• Hi Jane, I don’t know if you are aware but my son had an accident that resulted in a serious brain injury a couple of years ago. He recovered amazingly well but has a slight short term memory issue. The smart phone became invaluable to him from that time onwards.

      • Oh wow! I do remember he had been in a motorcycling accident. Glad to hear he has recovered so very well! That can be a scary time for all involved. Brain injuries are a toughy because both motor & cognitive areas can be affected & can heal/recover at different times.
        Now more than ever, what with modern technology, can these type injuries see such positive outcomes & your son is an example of that!

  11. Am I alone is not knowing what a smart phone is? (You don’t need to tel me, I can always google if I need to know)
    I don’t know what an i pod or mp3 player is either…:)

    • A smartphone is a “new-fangled gizmo” as my Mom loves to say!
      The iPod & mp3 players are pretty much the same thing.
      Which are now housed within the new-fangled gizmo.
      Clear as mud! 😉

    • Good for you Katharine. Keep it that way and your life will be much simpler for it.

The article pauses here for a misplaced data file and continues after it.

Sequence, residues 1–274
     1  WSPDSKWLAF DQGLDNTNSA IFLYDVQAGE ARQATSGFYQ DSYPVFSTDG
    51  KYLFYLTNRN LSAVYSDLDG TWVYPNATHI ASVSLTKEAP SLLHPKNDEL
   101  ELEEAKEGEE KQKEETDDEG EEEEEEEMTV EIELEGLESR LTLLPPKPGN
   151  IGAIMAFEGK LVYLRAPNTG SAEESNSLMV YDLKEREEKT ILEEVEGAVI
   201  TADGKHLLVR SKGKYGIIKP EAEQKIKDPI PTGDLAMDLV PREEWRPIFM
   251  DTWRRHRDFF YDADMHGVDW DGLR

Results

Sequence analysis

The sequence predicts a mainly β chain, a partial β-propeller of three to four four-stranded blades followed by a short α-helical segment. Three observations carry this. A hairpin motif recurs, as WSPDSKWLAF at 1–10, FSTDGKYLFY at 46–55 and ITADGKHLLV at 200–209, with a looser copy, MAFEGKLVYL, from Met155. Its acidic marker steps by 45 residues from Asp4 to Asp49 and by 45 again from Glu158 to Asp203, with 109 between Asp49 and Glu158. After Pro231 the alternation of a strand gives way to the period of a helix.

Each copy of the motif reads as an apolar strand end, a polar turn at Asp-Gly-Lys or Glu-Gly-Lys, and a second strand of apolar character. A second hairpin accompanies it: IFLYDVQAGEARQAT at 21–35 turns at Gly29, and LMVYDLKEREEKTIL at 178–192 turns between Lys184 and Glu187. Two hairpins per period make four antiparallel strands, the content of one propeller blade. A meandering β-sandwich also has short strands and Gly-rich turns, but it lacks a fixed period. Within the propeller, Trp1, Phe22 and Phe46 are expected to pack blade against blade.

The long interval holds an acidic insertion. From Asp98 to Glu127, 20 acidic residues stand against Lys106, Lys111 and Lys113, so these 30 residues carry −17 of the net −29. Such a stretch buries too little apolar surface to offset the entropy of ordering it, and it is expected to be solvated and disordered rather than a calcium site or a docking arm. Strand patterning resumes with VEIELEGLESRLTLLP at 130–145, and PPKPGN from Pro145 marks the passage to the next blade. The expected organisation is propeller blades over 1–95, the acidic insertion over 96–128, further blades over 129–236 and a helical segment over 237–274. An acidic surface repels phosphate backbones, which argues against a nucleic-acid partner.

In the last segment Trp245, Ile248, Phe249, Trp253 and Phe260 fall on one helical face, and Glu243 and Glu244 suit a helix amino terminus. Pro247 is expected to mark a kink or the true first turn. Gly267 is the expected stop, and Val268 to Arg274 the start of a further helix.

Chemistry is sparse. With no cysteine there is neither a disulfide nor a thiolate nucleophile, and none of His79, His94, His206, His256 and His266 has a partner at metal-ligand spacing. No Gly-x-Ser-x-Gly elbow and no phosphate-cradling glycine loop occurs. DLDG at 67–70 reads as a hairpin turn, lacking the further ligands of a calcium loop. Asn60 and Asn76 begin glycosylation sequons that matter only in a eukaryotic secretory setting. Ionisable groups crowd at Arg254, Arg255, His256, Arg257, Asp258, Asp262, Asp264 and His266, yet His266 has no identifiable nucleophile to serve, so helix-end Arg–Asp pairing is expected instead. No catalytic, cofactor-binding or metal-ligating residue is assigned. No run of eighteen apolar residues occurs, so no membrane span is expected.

12. Alas, I am provided with a BlackBerry from work, so I CANNOT justify the purchasing of an personal iPhone. Blackberrys are sort-of-smart, especially for emails, but they are no good for apps, or for old ladies with trouble seeing the qwerty keyboard…

    • I can relate to the small screen and keyboard issue. I love that I can talk my text messages into my phone which saves me from typing. Not appropriate to use among strangers though.

  13. I’m an avid reader of home magazines (Country Living, Ideal Home, etc, etc); in the past I used to tear our pages from these mags with inspirational homes/recipes/ideas, etc. Now I simply take a photo of the relevant page wih my smartphone and download the photos to several different folders on my computer; two advantages: 1) less pieces of paper (ie torn-out pages) cluttering my home; 2) the magazines remain in tact and I sell them on eBay!

    • Justine, I was waiting to check out at the grocery store when the lady in line behind me started snapping photo’s of a magazine she was flipping through. When we made eye-contact, I smiled as I knew what she was doing & she confirmed by saying she found a great recipe in the magazine but just couldn’t bear the thought of buying a $5 magazine just for 1 recipe.